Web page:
Wednesday, March 8, 2017

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Tartessian, Europe’s newest and oldest Celtic language

The south-western Iberian Peninsula at the horizon of history. There are at least 90 known Tartessian inscriptions on stone concentrated in southern Portugal, with a wider scatter of fifteen over south-west Spain. (J. Koch, An atlas for Celtic studies (Oxford, 2008))
The south-western Iberian Peninsula at the horizon of history. There are at least 90 known Tartessian inscriptions on stone concentrated in southern Portugal, with a wider scatter of fifteen over south-west Spain. (J. Koch, An atlas for Celtic studies (Oxford, 2008))
John Koch suggests that Tartessian is ‘more than a little bit Celtic’ and adds a new twist to the assertion, long since dismissed as invention, that the Gaels (Milesians) originated in the Iberian Peninsula.
The myth and mystery of Tartessos
For Greek and Roman writers, Tartessos was a place of fabulous natural wealth in silver and gold, situated somewhat vaguely in Europe’s extreme south-west, beyond the Pillars of Hercules. When Herodotus, ‘the father of history’, wrote around 430 BC, the kingdom of Tartessos had already ceased to exist and belonged to the pre-classical past before the rise of Cyrus the Great and the Persian Empire. The power exerted by the idea of Tartessos on the classical imagination was such that many of the exploits of Hercules—originally set in the eastern Mediterranean—were relocated to the fabled country beyond the Straits of Gibraltar, hence called the Pillars of Hercules. Though there is more than one school of thought on the subject, a long-standing and prevalent view is that the ocean-going, luxury-laden ‘ships of Tarshish’ mentioned repeatedly in the Old Testament—going back to the joint venture of Solomon and Hiram I of Tyre around 950 BC—also refer to Tartessos.
Archaeologically, Tartessos is synonymous with the brief and spectacular ‘orientalising phase’ of the south-western Iberian Peninsula’s First Iron Age, around 750 to 550 BC. At this time the Phoenician colony of Gadir, now Cádiz on Spain’s south Atlantic coast, catalysed a brief incandescent hybrid civilisation in what had been the southern region of the Atlantic Late Bronze Age (around 1250–750 BC). That earlier cultural commonality, defined by bronze swords, spearheads, cauldrons, flesh-forks and spits, stretched from Tartessos to Galicia, Brittany, Britain and Ireland. In the eighth century BC a new élite arose rapidly amongst the native trading partners of the Phoenicians. These Tartessian potentates are known primarily from necropolises of tumulus burials, awash with luxury grave-goods from the eastern Mediterranean, including jewellery, cosmetics, portable images of deities, ornamented chariots, wine and oil.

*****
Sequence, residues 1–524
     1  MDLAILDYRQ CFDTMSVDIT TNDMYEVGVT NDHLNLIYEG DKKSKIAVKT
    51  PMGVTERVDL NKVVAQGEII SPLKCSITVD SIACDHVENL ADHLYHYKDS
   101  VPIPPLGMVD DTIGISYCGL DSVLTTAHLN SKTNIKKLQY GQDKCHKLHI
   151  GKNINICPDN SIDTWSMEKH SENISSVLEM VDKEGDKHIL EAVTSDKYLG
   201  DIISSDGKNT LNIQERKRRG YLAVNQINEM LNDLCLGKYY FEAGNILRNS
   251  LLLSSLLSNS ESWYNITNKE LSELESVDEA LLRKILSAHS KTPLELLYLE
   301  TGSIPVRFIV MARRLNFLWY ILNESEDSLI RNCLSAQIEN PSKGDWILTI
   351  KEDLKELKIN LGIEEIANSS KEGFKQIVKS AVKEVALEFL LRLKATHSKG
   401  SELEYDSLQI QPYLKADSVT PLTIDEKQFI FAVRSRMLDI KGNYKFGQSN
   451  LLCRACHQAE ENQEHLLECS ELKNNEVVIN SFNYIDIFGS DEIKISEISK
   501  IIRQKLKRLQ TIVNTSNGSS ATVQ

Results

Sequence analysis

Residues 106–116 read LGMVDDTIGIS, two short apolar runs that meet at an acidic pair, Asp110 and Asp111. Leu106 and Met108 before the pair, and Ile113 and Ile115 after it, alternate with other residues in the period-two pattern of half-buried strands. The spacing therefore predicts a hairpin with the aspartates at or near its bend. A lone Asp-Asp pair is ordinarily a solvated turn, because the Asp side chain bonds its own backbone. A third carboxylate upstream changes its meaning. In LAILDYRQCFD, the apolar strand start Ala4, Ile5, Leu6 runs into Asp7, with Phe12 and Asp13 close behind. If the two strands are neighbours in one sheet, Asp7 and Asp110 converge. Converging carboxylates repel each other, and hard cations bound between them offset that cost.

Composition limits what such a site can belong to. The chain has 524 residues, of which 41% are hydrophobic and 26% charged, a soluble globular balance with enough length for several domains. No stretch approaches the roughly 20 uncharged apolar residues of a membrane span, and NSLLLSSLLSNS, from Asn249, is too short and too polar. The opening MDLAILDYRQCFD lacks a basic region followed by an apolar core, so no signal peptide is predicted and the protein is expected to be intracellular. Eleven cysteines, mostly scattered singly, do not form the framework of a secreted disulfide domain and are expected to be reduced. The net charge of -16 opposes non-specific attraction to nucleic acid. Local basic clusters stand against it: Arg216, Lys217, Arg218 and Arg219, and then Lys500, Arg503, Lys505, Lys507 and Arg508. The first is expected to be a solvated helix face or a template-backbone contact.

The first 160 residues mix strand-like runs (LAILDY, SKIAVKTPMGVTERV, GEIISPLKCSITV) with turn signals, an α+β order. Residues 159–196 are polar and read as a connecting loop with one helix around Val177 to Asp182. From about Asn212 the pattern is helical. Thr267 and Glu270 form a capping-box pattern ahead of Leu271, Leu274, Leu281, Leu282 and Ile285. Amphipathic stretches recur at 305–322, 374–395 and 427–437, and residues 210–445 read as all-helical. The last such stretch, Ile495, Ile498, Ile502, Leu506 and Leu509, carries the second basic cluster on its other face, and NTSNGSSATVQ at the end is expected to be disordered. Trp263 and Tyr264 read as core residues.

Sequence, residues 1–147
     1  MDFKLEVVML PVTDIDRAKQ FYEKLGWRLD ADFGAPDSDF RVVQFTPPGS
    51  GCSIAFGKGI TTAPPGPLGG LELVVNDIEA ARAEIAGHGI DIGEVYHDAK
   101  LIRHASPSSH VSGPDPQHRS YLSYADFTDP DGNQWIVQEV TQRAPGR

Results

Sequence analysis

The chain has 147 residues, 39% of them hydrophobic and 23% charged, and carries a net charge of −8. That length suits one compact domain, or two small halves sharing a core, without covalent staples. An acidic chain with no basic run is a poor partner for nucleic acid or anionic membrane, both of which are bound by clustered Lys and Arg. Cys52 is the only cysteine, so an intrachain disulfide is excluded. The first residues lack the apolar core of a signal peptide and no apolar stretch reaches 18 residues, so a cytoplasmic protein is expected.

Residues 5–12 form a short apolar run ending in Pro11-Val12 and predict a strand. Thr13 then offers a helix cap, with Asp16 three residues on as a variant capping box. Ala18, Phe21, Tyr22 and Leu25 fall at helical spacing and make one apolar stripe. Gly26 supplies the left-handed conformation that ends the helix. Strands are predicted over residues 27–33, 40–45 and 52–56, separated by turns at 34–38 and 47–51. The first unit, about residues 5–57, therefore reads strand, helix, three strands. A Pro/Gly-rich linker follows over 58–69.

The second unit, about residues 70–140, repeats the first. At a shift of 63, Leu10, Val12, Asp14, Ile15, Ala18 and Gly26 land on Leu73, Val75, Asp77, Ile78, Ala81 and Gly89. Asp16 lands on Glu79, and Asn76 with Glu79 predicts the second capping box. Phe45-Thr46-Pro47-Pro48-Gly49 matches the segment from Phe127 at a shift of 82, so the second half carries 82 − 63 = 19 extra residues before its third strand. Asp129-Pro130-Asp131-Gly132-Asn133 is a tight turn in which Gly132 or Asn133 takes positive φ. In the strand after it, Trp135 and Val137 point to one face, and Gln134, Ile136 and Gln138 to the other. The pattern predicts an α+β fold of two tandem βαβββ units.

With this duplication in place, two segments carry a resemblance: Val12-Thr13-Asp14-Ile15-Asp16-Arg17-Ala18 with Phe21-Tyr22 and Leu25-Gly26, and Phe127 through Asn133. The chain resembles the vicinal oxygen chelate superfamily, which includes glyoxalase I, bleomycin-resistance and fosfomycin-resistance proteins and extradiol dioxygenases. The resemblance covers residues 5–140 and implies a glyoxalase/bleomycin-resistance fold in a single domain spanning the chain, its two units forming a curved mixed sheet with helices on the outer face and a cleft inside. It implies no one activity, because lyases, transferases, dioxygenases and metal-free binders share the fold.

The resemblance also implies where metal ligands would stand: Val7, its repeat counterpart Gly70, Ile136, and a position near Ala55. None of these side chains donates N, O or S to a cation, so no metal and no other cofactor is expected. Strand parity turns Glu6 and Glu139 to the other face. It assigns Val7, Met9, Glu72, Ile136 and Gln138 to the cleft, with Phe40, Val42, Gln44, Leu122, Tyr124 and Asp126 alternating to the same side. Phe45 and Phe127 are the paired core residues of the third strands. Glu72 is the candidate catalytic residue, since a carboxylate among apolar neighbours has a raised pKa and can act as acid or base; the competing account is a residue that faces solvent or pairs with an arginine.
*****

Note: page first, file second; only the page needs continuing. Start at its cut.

Soon after Gadir’s mother city, Tyre in present-day Lebanon, fell to Babylon in 573 BC, the Tartessian élite’s economic lifeline to the east became rapidly constricted, and the wealthy burials came to an end. Herodotus wrote that a party of Greeks from Phocaea in western Asia Minor visited Tartessos around 550 BC, where they received enthusiastic hospitality and vast riches from the Tartessian ruler Arganthonios, in whose name we may recognise the Celtic word for ‘silver’, Irish airgead, Welsh arian, ancient Celtic arganto-. Arganthonios was understandably eager for the Phocaeans to found a colony ‘anywhere they liked on his land’. But the Greeks were not to save Tartessos. Around 540 Phocaea fell to Cyrus. Soon after, when Arganthonios was dead, the remaining Phocaean fleet in the west was destroyed by a combined Etruscan–Carthaginian force off Alalia in Corsica. The Straits of Gibraltar were henceforth closed to Greek shipping. During the fifth century BC, the Iberian culture of Spain’s Mediterranean coast—which had ongoing access to Greek and Carthaginian trade—was to supplant Tartessos as the wealthiest and most dynamic zone of the peninsula.
Tartessian inscriptions